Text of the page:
In the ‘Internet of Things’… Please Remember the People


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When I was a very young mother (and this was a very, very long time ago) my mantra was ‘people are more important than things’. It worked the way a good mantra should, as an all-purpose stress reducer. It was especially handy after some bauble had been broken by the crashing of a particular toddler into a coffee table, or to calm things down after that same toddler started pounding on a sibling with a purloined toy. In other words, my mantra served equally as a reminder to myself, and as an influence on the moral development of my offspring.

People before things. I think it’s still worthy of consideration.

The other day, a former pro football player-turned-consultant told me about what goes on in the locker room when the team is not on the field. I have to admit, I was doubly disappointed. There were no lurid tales of cheerleaders gone wild; nor were there any heart-warmers about player’s moms showing up with homemade chicken soup or huckleberry pie. Not even a kid with cancer getting an autographed shirt from her sports idol. Nope. It was mostly the same as what goes on in the average living room these days: just individuals communing with their tablets and smartphones. Oh, dear.

‘But wait,’ you say, ‘they can’t all just be playing games! There’s Facebook and Twitter, sending selfies on Instagram, and texting, too.’ Yes, these pastimes do give the impression of social activity, but even then they may not actually be social, because no matter how many ‘friends’ or followers you’ve amassed, you’re alone with yourself and mostly sending one-way signals. There is no guarantee, and rarely an immediate way to know, whether or not even one person has seen, thought about, or cared what you just did.

Compare that with having a face-to-face conversation.

I can understand the appeal, having come of age during the time of beatnik culture. (This was before hippies, and way, way before the dawn of hip-hop.) Back then, alienation had been raised to an art form, but poetry was recited in coffee houses and listeners snapped their fingers to signify that the message was received, processed, and appreciated. There were creators, critics, patrons, and fans, in person and active on the typical team.

Today, we have an internet that can (and does) bring people together from all around the world to support a cause or to fund a startup business, and websites that personalize user experiences. But are these really personal connections – or just sophisticated transactions? The buzz-phrase ‘Internet of Things’ refers to an internet populated by inanimate objects that can be tracked and managed remotely. I don’t think it was meant to include people, but I worry if that might be where it’s headed.

As the word Alchemy describes the effort to transform base metals to gold, Dr. Joshua Lederberg coined the term ‘Algeny’ to describe the ‘upgrading’ of human organisms to generate better performance. In terms of giving people more knowledge, more range, and greater potential, the Internet of Things may seem to be a sort of ‘Algenist’s Apprentice.’ But like the Sorcerer, whose errant Apprentice misused powers that he didn’t fully comprehend, perhaps we should be aware. Not hostile or fearful. Just aware.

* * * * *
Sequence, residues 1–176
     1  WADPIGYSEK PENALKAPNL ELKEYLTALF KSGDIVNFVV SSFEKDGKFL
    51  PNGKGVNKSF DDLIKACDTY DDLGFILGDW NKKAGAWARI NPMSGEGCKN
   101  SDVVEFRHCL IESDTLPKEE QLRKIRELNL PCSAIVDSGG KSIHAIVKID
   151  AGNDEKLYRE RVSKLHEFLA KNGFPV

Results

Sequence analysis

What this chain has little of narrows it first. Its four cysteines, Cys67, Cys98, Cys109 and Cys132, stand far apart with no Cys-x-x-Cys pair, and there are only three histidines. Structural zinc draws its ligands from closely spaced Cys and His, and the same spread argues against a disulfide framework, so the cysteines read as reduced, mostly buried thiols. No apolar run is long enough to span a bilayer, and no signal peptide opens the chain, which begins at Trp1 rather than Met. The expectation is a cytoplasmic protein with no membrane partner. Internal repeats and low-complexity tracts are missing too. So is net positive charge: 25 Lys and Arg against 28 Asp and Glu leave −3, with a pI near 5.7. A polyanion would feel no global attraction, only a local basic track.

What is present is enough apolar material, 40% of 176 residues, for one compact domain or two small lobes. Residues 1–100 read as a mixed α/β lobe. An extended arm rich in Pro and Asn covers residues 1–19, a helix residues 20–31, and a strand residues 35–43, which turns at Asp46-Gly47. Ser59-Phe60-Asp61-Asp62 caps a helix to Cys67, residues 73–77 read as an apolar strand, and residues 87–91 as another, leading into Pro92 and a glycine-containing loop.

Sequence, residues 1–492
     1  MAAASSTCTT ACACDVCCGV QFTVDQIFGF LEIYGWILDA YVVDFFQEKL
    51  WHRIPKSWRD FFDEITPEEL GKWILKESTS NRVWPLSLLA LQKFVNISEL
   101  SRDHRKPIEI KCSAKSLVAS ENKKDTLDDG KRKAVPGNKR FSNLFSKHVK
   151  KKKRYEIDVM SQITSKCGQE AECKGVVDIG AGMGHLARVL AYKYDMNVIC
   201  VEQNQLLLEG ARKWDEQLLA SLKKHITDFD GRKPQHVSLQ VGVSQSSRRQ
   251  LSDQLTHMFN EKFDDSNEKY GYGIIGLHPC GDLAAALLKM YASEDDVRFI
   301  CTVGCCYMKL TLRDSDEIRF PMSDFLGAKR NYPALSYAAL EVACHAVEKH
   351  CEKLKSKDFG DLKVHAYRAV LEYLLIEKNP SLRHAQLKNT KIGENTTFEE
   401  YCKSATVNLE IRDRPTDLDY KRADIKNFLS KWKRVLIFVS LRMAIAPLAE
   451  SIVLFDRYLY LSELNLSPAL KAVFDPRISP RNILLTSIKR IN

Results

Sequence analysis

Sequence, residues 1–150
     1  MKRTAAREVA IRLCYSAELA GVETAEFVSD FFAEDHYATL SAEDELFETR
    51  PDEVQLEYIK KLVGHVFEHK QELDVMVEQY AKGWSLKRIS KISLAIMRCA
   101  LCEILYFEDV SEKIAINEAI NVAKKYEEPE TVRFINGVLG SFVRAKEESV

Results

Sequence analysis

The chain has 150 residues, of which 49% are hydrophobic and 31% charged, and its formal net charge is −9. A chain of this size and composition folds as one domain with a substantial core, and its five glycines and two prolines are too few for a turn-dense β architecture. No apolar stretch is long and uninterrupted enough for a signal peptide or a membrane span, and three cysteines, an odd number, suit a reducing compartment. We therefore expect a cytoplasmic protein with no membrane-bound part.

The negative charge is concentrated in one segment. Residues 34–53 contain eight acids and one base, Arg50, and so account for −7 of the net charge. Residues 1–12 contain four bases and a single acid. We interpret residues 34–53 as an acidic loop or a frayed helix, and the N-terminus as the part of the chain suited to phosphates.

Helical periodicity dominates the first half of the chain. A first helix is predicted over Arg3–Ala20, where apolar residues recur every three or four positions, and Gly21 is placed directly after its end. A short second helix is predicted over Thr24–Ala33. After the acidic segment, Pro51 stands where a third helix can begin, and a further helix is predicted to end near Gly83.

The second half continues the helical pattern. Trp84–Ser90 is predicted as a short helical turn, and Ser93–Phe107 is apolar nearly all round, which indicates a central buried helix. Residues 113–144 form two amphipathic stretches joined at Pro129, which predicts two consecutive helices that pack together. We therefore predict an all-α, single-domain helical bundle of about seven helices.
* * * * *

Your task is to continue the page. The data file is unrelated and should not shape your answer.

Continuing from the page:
Consider this: those football players are surrounded by people whose job it is to polish and reinforce the interconnectedness of self, others, and team success. Their solitary communion with the Internet of Things is regularly replaced by green grass and a chalk-lined gridiron where (in an immediate and physical way) they crash headlong into their Reality of Teaming.

Yes, I have just capitalized Reality and Teaming. For those of us who are ‘on our own’ in exploring and experiencing the disembodied existence made possible in the internet and all of its things, Reality and Teaming may well be the saving graces.

Here’s to a warm and wonderful 2014. May all your interconnections be supportive, synergetic, and oh-so-satisfying!

Dr. Janice Presser
Dr. Janice Presser is a behavioral scientist, CEO of The Gabriel Institute, thought leader in talent science, author of six books on teams, and architect of Teamability® , the completely new 'technology of teaming'. Launched in 2012, the technology caps a quarter-century of behavioral science R&D, including nine years of software development. Engineered to identify and organize the foundational elements of team activity and team management, Teamability produces true analytics of team chemistry, and delives practical, repeatable business benefits.


  1. …offline, especially informal face-to-face, communication continues to be more powerful in terms of influence than online informal communication. And, although online interaction has dramatically increased over the past few years, much of the back-and-forth is what social scientists call ‘phatic’, or fairly passive (and, to some of us, banal and time-wasting). It’s the eating alone or bowling alone syndrome, writ large and worldwide: As you note, the Internet doesn’t really bring people together; but it does encourage idea-sharing and participation.

    The “Internet of Things” also has powerful business implications, both positive and negative. One of these is reputation and image, which leverages consumer behavior:

    Ultimately, it should be recognized by organizations and marketers that online and offline communication achieve different ends:


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